Radical as artistic avant-garde movements of the last two centuries have been, they have been inextricably bound to physical mediums that did not reflect their disparate, heterodox, antiestablishment identities. Technological advances and the proliferation of internet-accessible devices offer an ephemerality that the radical artistic ancestry of modern and postmodern movements yearned for. Print no longer requires a press; the visual arts no longer require an exposition, a canvas, or even a frame; criticism is now in the mind of the collector, in the mind of anyone with access to a screen.
There is so little physicality, so little structure left — what a thing to behold! This is a marvel — though it ought not be a reason to turn away from artistic inheritances. The freedom allowed the artist and artistic movements should carry with it an appreciation of the historic good fortune of the contemporary digital artist.
Traditional production of art and traditional art markets required processes and hierarchies that inherently limited access and profitability for artists. The emergence of art produced on and for digital mediums is a modern reflection of these processes. The flattening of these layered mechanisms into a three-step process (create art, mint art, sell art) grows the artists’ power immeasurably. With the inclusion of sell-on clauses and the excision of parasitic market processes and their attendant middlemen, the siphoning of artist profit will be drastically reduced.
As with everything else, the proper approach here (if there is one) seems to be a synthesis of these concepts; an embrace of the new and a commitment to innovation and ingenuity, coupled with an understanding of the richness and relevance of the movement’s forebears (and, for extra credit, a sense of gratitude for the possibility which lay before the artist and the art community that was not available to those that came before).
Art is discourse, a conversation in a given moment, a commentary and interaction with the past, and an appeal to the what-is-to-come. Art (from the perspective of the discourse, anyway) is reflective of the core tenets of the blockchain. “What happens when a new work of art is created is something that happens simultaneously to all the works of art which preceded it,” wrote T.S. Eliot, in 1919, in what could be the second sentence to a blockchain primer in 2019. (There is also a world of artistic potential in teasing out this parallel and the themes involved.)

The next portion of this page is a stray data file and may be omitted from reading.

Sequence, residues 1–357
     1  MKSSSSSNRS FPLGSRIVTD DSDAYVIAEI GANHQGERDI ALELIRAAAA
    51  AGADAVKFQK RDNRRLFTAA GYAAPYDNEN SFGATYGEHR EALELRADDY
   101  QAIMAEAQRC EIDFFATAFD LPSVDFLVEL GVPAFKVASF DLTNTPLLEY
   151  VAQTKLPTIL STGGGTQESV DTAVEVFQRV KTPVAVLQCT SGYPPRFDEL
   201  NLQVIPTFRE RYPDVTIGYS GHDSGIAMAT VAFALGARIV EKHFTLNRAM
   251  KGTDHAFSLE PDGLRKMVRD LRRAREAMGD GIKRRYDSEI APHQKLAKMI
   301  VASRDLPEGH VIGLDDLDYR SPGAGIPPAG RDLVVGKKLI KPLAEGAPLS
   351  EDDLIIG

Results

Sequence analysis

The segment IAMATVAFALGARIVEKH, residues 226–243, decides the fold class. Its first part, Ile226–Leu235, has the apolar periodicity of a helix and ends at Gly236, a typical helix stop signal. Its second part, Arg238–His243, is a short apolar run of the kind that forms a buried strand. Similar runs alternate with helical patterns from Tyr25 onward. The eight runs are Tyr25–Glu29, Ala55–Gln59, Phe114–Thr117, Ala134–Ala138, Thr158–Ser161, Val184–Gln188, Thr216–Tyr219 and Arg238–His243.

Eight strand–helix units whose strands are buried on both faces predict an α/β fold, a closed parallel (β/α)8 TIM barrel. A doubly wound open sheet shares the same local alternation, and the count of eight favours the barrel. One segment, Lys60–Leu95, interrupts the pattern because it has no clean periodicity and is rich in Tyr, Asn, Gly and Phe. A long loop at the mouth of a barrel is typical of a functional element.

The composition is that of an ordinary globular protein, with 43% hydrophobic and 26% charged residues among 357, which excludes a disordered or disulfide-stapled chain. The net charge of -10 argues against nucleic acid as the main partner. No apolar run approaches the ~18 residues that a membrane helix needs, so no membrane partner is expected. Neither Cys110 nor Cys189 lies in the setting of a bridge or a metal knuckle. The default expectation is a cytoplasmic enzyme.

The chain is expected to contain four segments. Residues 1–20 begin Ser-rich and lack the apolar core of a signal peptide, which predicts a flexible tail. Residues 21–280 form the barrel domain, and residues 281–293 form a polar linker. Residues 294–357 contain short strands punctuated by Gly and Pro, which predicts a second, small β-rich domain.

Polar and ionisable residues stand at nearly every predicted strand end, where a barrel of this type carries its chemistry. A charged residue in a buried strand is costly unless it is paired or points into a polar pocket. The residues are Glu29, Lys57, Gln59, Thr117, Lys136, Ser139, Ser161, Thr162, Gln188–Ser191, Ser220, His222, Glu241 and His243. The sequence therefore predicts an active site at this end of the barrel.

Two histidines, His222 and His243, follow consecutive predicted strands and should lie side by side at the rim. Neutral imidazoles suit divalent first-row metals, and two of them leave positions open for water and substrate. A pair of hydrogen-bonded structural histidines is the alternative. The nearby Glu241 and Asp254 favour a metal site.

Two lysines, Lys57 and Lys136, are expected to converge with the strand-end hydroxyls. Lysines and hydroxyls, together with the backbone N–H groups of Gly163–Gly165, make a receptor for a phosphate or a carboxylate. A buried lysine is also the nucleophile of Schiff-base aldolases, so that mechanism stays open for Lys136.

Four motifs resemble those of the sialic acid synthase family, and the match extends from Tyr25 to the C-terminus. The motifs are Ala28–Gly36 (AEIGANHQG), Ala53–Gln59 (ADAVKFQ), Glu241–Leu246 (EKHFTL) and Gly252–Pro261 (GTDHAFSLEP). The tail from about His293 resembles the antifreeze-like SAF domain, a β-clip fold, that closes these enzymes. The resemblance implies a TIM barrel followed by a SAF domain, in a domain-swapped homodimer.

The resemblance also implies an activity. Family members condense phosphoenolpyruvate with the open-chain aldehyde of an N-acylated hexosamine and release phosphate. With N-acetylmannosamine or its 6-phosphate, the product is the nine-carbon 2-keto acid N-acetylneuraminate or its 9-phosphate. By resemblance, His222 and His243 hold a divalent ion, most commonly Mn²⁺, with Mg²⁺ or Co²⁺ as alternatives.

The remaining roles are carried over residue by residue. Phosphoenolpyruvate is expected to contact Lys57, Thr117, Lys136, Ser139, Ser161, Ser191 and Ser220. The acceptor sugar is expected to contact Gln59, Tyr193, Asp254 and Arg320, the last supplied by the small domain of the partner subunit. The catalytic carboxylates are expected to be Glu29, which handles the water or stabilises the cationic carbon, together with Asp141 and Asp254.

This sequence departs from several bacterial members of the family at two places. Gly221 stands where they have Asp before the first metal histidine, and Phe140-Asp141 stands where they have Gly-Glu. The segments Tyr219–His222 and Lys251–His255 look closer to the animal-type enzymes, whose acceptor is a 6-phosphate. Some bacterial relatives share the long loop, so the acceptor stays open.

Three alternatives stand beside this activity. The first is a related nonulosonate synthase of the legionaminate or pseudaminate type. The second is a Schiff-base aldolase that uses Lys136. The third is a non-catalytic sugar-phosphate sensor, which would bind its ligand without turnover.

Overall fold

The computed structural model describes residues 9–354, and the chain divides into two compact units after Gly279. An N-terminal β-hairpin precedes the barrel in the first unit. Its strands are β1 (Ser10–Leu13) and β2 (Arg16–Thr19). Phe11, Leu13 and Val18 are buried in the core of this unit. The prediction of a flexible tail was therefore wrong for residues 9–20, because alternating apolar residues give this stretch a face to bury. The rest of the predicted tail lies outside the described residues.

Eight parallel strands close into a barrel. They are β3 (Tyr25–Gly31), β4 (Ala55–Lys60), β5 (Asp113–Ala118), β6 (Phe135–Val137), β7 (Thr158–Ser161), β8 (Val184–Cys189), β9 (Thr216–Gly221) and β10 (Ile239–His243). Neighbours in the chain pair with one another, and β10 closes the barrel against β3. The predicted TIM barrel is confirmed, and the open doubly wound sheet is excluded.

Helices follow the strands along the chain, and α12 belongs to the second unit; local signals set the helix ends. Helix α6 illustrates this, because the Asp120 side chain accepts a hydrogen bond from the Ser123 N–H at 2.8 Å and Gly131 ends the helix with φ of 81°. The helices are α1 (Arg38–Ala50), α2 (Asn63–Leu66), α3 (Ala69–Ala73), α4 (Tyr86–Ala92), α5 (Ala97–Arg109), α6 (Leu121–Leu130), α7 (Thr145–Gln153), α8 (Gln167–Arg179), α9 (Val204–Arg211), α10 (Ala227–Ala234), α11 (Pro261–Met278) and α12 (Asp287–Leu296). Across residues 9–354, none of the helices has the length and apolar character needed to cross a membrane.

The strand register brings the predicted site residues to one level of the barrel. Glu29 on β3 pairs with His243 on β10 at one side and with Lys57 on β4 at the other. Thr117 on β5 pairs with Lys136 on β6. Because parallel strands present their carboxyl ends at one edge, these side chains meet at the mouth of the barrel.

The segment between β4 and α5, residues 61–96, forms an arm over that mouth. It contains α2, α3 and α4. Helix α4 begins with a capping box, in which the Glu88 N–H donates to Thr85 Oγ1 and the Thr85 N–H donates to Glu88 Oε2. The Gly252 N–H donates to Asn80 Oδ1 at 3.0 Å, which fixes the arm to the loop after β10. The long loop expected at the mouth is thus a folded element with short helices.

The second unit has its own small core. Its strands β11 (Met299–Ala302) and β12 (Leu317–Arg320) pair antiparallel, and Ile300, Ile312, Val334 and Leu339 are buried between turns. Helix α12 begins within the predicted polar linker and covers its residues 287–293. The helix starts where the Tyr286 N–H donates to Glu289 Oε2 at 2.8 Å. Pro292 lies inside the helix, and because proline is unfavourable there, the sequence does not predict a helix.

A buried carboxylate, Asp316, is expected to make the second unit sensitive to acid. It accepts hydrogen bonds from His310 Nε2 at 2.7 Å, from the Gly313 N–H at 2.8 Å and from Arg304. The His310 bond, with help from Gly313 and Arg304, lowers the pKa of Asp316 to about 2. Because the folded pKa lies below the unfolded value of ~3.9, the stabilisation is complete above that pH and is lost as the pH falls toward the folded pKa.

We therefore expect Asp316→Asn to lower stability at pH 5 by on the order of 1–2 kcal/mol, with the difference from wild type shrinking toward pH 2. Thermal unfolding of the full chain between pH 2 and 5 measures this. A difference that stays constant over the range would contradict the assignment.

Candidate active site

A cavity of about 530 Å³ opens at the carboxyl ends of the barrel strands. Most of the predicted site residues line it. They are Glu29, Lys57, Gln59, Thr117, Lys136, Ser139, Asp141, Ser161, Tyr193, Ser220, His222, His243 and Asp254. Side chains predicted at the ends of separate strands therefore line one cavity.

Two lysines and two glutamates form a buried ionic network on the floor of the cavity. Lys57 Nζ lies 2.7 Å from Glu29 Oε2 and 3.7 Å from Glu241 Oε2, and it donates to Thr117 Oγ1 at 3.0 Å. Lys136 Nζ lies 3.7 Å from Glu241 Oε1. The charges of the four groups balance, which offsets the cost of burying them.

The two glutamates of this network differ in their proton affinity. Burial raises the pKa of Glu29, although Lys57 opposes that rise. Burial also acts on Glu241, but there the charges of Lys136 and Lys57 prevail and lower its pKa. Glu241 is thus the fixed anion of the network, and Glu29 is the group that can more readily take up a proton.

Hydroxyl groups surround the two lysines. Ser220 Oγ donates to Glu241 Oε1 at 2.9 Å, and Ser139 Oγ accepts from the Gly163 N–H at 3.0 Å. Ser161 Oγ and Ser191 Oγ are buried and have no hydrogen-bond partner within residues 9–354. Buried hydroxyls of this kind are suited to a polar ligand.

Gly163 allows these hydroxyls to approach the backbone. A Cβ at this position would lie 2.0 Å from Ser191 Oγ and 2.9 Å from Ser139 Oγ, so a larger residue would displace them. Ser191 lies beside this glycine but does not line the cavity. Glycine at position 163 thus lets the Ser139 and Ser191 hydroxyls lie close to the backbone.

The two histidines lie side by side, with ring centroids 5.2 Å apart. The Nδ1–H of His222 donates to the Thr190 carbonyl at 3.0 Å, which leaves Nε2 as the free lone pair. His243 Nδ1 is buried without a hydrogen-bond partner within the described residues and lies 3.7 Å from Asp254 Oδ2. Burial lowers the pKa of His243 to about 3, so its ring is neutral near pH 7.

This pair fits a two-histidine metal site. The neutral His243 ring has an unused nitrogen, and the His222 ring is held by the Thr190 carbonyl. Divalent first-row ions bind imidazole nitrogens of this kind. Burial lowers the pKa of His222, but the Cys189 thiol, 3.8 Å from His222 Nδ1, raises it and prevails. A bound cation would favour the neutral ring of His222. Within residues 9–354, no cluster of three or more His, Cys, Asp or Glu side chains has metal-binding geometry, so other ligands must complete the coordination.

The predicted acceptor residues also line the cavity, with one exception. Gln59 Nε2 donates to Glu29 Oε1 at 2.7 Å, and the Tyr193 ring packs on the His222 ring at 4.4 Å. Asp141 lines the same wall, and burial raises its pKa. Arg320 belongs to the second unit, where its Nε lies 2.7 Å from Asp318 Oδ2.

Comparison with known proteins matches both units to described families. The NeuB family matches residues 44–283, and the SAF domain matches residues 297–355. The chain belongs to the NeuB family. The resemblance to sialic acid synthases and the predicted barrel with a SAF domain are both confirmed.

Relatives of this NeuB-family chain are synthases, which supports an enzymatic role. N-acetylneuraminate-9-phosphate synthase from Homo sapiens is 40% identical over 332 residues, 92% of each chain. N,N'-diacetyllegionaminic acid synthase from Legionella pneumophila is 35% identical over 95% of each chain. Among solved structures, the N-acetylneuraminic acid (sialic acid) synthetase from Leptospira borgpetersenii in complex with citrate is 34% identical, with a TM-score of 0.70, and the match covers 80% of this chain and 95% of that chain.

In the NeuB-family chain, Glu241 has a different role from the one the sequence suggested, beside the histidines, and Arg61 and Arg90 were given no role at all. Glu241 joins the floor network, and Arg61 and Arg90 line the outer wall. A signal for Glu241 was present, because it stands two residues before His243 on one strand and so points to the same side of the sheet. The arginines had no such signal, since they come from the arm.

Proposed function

M○C△ exists ultimately not to shape or define any movement or to dominate any space. It exists to empower artists who will then do that historically important and vital work on their own terms. M○C△ seeks to grant the platform to artists that they’ve yearned for over the last two centuries (at least); an embrace of a system of production and dissemination which meets and takes as its premise the lofty calls for the elevation and primacy of the idea, the thought, the inspiration, and the artist.
Notions of physicality and preferred mediums have been transformed after a century-long process in the visual arts. The last two centuries of poetry, literature, and criticism thereof have seen a general erosion of formalism. The stage is at the direction of the artist in striking ways. Boundaries have been disposed of and bindings cast off as the technology available to artists has flattened modes of production and distribution.
Art, dematerialized, and markets, decentralized, grant the artist potentially revolutionary potency. Breton, vanguard of the surrealist movement, had at his core, one overriding artistic concern: of “freedom,” of “sovereignty of thought,” and unfettered inspiration. A century on, the artist stands at a precipice, with an opportunity to fully utilize the groundbreaking tools and processes of the crypto art world to these ends.
These platforms, these technologies, the nature of emerging and established digital markets, the unparalleled accessibility of digital art: this is enough to make the head spin at the thought of the enormous stored potential — the splitting of the atom within the art world — and, in Breton’s words again: now “it is up to us not to misuse it.”
Thoughts? Ideas? Find us here: https://forum.museumofcryptoart.com/